Honestly, I could have loved The Sinking City even if they left combat out of it. I realize that you cant have a game today it seems without combat, but it’s just very poorly done here. My first encounter (other than a tutorial type fight) was with a gangster (of a sect that looks like fish people) who was trying to stop me from investigating my first case. He ran up to me and at first I thought it was an NPC I was supposed to talk with. But then he drew his gun, took a shot and missed me, and then ran off. I actually let him go and kept investigating. Then later I found him again upstairs in the building I was searching. His foot had gotten stuck in a nonexistent hole in the floor and he was kind of running in place, obviously glitching. I walked all around him and got no reaction, so I ignored him again. Only eventually, he got unstuck and shot me, this time doing damage. I returned fire and he kind of winced and stopped moving, only he wasn’t dead. So I had to shoot him again to put him down. Then his body kind of disappeared. It was all very strange and unpolished for a finished game, and broke the atmosphere quite badly.
There are areas in the game where there is a lot of combat too, and you almost have to fight strategically. That is all well and good, but combat is really bad with poor aiming mechanics, weak weapons (especially in the first part of the game before you earn combat experience perks) and enemies that are both omnipotent (you can’t break line of sight with them as they will keep coming straight for you anyway) and also glitchy, getting stuck on terrain and sometimes moving through objects and walls. Then in the back of my head I keep hearing my old game master and thinking that if the developers are spawning lots of monsters to fight in a Cthulhu game, that they are doing something wrong.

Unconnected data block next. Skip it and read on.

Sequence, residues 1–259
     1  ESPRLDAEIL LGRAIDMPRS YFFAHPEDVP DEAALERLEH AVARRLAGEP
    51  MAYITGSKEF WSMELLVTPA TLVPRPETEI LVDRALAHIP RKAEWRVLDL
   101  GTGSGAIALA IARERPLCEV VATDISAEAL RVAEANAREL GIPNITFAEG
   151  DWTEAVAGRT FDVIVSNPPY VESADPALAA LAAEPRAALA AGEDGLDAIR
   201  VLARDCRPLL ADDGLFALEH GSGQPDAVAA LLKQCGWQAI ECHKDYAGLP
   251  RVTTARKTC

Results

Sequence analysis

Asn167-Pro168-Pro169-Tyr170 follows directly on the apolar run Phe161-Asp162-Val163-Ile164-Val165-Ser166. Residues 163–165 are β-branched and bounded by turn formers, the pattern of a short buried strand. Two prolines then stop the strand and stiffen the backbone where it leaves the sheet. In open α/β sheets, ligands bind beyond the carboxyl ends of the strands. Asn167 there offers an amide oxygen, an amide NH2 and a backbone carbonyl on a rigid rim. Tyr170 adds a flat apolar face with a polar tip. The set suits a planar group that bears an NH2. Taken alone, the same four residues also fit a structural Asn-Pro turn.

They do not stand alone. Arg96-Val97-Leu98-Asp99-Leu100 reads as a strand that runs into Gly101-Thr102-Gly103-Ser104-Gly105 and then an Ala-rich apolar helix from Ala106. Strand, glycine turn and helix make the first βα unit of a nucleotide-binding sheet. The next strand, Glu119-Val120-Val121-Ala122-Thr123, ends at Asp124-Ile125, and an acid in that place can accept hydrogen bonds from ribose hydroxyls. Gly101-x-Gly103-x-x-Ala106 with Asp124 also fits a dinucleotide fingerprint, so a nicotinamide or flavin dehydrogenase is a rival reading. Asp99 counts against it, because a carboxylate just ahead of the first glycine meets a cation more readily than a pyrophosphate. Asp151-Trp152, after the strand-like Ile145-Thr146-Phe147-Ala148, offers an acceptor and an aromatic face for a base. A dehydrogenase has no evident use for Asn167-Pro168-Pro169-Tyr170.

I enjoyed my time with The Sinking City quite a lot. Action oriented gamers will detest the slow pace of the game and the requirement for really thinking about puzzling investigations. Like Lovecraft’s stories, The Sinking City is not for everyone. But for those who crave a more cerebral kind of horror experience, The Sinking City has the power to really unnerve you as you bask in the game’s dark and humid atmosphere. It might even truly scare you at times, but all in the name of fun.